Another lesson titled “Try no. Do or do not. There is no try,” shared the importance of partnerships and their involvement.

“All in means more than just writing a check . . . though we are grateful for your financial support. In this partnership all in is about being an advocate of our schools, correcting misperceptions when you hear them or sharing the positives when others may want to be negative,” Graham said. “All in means we make promises to one another and we keep them.”

Some of those promises include a balance budget without using reserved funds; measurable three year strategic plan; nationally credited school district ; increase learning gains among all groups of students; at least one school counselor at every school; 325 fewer required tests; forward movement with technology including the start of one-on-one devices for students; C to a B district and on the way to becoming an A district, as well as continuing to work with the community to keep its vision.

She closed her speech by asking the audience to “pass on always what you have learned.”

“The more who know more the better and stronger the partnership becomes among us,” Graham said. “Our doors are open to you as we move forward and I encourage you to visit our schools. I will personally take you.

“Gallery Hopping”

Gallery Hopping

Take a Trip through the local art world

Published in Cape Coral Community Lifestlyes November/December 2014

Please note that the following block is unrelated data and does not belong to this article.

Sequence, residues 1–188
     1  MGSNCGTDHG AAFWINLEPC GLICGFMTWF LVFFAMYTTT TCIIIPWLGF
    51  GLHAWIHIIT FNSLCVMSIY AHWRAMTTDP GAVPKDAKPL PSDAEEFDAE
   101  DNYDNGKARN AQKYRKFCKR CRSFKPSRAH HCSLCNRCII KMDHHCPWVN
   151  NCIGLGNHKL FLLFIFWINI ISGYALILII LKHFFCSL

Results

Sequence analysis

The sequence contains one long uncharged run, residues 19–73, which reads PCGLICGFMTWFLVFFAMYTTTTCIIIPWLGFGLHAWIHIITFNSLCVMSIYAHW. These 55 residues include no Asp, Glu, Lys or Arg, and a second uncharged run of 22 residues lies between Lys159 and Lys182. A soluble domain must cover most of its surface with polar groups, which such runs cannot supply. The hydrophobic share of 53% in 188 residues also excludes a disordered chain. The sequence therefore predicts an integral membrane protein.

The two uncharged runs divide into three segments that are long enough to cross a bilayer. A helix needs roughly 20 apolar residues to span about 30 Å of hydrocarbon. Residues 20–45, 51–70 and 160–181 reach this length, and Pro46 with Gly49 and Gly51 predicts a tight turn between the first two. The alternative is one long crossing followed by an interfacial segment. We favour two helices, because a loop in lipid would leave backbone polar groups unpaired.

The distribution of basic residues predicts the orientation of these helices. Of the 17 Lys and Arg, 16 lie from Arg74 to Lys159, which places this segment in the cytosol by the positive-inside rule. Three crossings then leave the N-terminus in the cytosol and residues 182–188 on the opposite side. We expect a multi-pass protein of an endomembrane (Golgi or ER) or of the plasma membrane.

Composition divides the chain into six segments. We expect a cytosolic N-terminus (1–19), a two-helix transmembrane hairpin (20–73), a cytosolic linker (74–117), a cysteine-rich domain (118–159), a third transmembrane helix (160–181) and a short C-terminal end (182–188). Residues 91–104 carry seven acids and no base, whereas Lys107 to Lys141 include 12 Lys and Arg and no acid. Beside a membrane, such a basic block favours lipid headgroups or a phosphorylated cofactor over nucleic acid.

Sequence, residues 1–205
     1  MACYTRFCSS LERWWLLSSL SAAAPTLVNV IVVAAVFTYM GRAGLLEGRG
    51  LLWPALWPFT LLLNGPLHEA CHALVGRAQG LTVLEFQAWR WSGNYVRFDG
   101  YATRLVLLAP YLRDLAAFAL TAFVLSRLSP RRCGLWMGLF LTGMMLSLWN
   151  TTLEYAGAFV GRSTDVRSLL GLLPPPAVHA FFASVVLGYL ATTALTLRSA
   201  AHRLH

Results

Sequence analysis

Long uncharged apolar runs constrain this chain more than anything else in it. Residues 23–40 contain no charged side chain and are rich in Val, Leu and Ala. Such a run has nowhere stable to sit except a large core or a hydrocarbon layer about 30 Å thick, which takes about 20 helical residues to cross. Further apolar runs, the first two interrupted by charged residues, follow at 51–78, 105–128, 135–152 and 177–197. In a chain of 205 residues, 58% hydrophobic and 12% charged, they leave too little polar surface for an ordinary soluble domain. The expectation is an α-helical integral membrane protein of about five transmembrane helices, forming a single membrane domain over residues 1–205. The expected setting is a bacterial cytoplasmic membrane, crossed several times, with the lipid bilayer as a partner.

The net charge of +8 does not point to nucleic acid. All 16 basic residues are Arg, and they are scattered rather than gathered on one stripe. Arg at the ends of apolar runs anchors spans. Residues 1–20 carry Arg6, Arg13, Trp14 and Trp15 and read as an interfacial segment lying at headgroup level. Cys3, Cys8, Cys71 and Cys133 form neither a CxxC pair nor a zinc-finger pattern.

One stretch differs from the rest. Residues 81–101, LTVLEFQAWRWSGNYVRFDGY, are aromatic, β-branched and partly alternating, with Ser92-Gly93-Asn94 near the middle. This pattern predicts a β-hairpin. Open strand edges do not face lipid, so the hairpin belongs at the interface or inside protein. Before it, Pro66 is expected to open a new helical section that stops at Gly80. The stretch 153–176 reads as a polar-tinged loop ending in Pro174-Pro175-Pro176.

Gallery Hopping1Southwest Florida offers a variety of art galleries representing works of art from the 20th century to present day. Make a day – or evening – out of it, and gallery-hop to several fantasticlocal exhibits and displays throughout the area.

There are many opportunities to indulge into the art world through monthly exhibits, independent films and a casual stroll through galleries highlighting talented artists from around the country – and the world.

Sidney & Berne Davis Art Center: Downtown Fort Myers

A building that used to house the U.S. Post Office in the early 1930s was eventually turned into an art center that offers a great deal for residents of Southwest Florida throughout the year.

Sidney & Berne Davis Art Center Assistant Director Devon Parker said the building that houses the center was built in 1933. From then until 1965 the building served as the U.S. Post Office before serving for the federal system as a courthouse until 1998.

The building was eventually purchased by the City of Fort Myers and leased to the nonprofit organization, Sidney & Berne Davis Center, under the conditions that it would be restored and used as a multi disciplinary art center.

“The art center has been opened since 2008,” Parker said.

IMG_4061_stitch-2The Sidney & Berne Davis Art Center offers everything from monthly fine art gallery shows to cutting edge theater and independent film, to classical and popular musical concerts, fashion shows and culinary arts, as well as playing host to several networking events throughout the month.

Parker said the center opens a new gallery show on the first Friday of the month during Friday Art Walk.